Author:Natalia Buier (Max Planck Institute for Social Anthropology)
Paper short abstract:
This paper analyzes the historical evolution of the Spanish high-speed rail project, also known as AVE. Converting rail transportation into an asset presents a specific set of contradictions the response to which can only be understood by analyzing competing claims of economic expertise.
Paper long abstract:
Spain is currently the country with the largest HSR network in Europe and the second longest globally, surpassed only by China. With origins in the 1980s, the AVE project has been converted into a symbol of modernity and the solution to the crisis of conventional rail. While the last years have seen criticism of the AVE intensify, the project has so far survived the financial crisis relatively unscathed. Born as the star instrument of the commercial railway programme set in motion in the 1980s, its defense today requires recourse to a different set of legitimation principles that construct it as a political project that justifies non-market behaviors. In this paper I analyze the various forms in which a specific technology, HSR, has been reconstructed as an asset. I discuss the conflict between different modalities of converting this specific infrastructure into an asset and open a discussion about the analytic importance of the histories of failing to build a market in HSR transportation.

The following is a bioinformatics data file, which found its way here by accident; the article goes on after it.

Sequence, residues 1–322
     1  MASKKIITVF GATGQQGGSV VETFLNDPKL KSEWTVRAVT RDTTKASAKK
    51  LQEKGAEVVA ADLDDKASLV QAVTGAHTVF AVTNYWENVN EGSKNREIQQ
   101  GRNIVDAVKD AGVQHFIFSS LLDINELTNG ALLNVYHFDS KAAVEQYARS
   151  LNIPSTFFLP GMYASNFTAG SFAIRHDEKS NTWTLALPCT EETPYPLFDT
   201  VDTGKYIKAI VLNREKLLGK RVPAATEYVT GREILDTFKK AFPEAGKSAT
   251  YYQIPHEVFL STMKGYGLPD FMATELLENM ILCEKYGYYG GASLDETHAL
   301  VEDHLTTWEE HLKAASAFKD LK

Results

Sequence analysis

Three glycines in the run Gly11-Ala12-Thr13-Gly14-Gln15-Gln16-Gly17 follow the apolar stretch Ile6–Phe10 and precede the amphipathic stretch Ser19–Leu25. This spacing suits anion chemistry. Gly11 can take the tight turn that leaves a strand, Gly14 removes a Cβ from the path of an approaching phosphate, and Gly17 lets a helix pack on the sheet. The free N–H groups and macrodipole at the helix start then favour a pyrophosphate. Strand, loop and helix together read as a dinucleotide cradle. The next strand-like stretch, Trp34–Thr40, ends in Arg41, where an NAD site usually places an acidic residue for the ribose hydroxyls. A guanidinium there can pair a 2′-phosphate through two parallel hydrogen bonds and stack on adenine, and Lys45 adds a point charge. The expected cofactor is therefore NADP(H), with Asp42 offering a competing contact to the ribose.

Turning Things into Assets